In another case, the U.S. Court of Appeals for the Third Circuit rejected claims that a city violated a billboard owner’s First Amendment rights when it “politely but firmly suggested” that the bank that owned the plot of land on which the billboard stood “remove the unsightly billboards” and noted the possibility that, if the bank did not prove “interested in being responsive to this community[,]” the city might be forced to resort to costlier “legal procedures.” Because the city’s letters to the bank contained no “enforceable threats,” and the only sanctions the city could bring to bear against the bank were “civil or administrative proceedings under a zoning ordinance not yet drafted[,]” the Third Circuit held that the decision to terminate the billboard owner’s lease was private action beyond the scope of the First Amendment and that this was true even though the bank admitted that it removed the billboard in order to maintain its good relations with the city.
Courts applying the Bantam Books standard, in contrast, have interpreted the First Amendment to prohibit government pressure tactics that seek to intimidate rather than persuade private actors into suppressing objectionable speech, even when those tactics are not so strong as to leave their target with essentially no choice but to comply. In Okwedy v. Molinari, for example, the U.S. Court of Appeals for the Second Circuit held, in an en banc opinion, that a reasonable jury could conclude that the decision by a private company to take down several anti-gay billboards after the Staten Island borough president wrote to the company to express his view that the messages were “unnecessarily confrontational and offensive” and “convey[ed] an atmosphere of intolerance which [was] not welcome in [the] Borough” violated the First Amendment rights of the group that erected the billboards. A reasonable jury could conclude as much, the Second Circuit concluded, even though the borough president lacked all “direct regulatory or decisionmaking authority” over the billboard company, and even though the letter contained no explicit threats. This was because, the court explained, the jury could conclude that the letter the borough president sent the billboard company “contained an implicit threat of [economic] retaliation if [the company] failed to accede to [the borough president’s] requests” and that it represented an attempt to coerce the company into complying with the president’s demands, rather than an attempt to convince the company of the correctness of his view.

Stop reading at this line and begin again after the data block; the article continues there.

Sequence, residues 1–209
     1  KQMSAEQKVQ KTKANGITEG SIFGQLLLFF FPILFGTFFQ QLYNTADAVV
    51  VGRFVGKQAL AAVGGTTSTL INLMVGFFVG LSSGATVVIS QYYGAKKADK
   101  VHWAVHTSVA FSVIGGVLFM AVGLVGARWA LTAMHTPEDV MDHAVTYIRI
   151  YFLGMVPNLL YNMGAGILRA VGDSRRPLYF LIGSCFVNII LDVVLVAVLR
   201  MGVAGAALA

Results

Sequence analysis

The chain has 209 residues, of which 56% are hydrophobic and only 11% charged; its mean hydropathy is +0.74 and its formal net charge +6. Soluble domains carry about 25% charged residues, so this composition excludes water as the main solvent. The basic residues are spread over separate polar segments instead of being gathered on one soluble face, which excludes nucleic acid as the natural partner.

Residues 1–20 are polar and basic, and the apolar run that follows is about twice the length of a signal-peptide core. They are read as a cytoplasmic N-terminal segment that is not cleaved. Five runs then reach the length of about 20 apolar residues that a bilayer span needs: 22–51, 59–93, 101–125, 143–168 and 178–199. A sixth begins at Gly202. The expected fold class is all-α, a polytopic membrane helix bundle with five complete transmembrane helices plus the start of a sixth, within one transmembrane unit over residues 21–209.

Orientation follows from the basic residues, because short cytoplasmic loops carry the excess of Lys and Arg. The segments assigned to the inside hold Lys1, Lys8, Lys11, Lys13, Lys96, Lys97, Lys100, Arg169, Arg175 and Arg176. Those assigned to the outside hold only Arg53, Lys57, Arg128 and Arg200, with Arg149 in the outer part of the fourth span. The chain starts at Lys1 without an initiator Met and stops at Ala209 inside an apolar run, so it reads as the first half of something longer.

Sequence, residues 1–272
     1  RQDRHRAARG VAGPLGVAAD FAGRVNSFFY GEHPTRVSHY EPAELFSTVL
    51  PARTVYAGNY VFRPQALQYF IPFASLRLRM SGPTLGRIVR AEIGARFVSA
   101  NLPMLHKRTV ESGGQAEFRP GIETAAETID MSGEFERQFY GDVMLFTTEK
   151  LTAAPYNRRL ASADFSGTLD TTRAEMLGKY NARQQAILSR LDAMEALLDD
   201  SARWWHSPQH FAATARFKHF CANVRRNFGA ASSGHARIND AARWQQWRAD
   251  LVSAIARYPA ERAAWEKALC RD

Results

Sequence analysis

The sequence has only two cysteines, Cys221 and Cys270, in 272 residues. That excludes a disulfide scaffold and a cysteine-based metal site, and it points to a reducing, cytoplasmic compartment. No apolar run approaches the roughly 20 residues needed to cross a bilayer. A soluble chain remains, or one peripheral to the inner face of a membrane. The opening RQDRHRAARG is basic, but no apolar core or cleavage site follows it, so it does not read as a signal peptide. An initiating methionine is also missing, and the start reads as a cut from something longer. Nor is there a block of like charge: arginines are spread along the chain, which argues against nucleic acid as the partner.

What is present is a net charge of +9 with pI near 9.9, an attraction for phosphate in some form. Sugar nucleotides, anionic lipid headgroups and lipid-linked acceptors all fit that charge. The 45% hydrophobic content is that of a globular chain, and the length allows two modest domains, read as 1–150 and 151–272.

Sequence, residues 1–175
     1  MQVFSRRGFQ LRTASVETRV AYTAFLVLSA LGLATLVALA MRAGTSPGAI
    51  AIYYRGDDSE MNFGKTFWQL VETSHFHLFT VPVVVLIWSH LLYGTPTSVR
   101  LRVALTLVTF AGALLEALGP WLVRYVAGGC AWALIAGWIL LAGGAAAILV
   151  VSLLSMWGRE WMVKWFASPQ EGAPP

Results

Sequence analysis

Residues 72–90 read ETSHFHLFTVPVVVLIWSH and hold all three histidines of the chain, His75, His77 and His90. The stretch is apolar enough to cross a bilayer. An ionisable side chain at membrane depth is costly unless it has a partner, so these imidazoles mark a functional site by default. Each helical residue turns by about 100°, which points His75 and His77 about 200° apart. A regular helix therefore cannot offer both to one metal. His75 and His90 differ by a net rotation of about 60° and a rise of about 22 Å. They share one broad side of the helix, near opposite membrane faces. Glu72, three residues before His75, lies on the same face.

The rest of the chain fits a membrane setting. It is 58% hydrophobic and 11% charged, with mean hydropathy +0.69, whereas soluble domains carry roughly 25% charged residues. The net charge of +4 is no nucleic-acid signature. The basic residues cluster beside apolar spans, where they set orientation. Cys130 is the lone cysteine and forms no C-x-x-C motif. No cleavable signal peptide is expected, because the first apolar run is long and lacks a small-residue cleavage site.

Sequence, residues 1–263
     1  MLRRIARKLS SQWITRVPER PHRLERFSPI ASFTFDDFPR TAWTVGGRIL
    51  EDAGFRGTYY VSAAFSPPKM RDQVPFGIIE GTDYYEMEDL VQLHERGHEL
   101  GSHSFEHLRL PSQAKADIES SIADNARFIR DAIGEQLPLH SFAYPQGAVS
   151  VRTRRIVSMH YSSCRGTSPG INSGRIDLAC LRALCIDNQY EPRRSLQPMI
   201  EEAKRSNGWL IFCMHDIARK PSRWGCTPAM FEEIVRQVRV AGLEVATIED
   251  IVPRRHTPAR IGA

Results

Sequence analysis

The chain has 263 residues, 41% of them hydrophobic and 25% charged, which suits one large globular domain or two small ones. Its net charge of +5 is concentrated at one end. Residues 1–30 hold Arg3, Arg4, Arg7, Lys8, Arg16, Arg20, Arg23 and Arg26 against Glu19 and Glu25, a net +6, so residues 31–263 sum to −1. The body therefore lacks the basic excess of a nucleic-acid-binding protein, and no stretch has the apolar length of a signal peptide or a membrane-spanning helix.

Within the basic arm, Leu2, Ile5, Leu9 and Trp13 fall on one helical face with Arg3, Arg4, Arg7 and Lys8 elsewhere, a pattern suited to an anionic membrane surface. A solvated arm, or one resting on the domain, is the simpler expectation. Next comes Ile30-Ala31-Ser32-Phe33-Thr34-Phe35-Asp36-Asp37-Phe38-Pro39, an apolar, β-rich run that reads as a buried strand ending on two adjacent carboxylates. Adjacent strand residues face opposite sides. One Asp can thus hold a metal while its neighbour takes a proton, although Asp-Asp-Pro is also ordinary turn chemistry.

A few years later, in Backpage.com v. Dart, the U.S. Court of Appeals for the Seventh Circuit relied on both Okwedy and Bantam Books to conclude that letters that Cook County Sheriff Thomas Dart wrote to credit card companies, in which Dart requested that the companies “immediately cease and desist from allowing [their] credit cards to be used to place ads on websites like Backpage.com” and promised to continue to “harass” them about the matter, violated the First Amendment rights of the website and its users. The Seventh Circuit held as much even though the credit card companies obviously had a choice in whether to comply with the “request” Sheriff Dart made in his letters, and even though the company spokesmen flatly denied that the companies acted in response to government pressure. and even though it was extremely unlikely that the sheriff would have been able to prosecute the credit card companies for any crime. Like the Second Circuit, the Seventh Circuit made clear in the opinion that, in its view, what mattered to the First Amendment analysis was not whether the targets of the government’s pressure campaign faced imminent harm if they did not comply but whether the government’s actions represented an attempt to coerce, rather than to persuade, the private parties into complying.
As these case descriptions suggest, what conclusion courts reach about the merits of First Amendment jawboning arguments will depend, to a significant extent, on which line of precedents they rely on. Take the Trump case for example.